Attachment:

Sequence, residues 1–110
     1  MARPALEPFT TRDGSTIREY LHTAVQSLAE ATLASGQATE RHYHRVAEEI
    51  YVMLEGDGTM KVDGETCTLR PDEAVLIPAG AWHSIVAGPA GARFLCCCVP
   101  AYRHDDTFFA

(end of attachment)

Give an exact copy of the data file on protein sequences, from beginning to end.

Sequence, residues 1–110
     1  MARPALEPFT TRDGSTIREY LHTAVQSLAE ATLASGQATE RHYHRVAEEI
    51  YVMLEGDGTM KVDGETCTLR PDEAVLIPAG AWHSIVAGPA GARFLCCCVP
   101  AYRHDDTFFA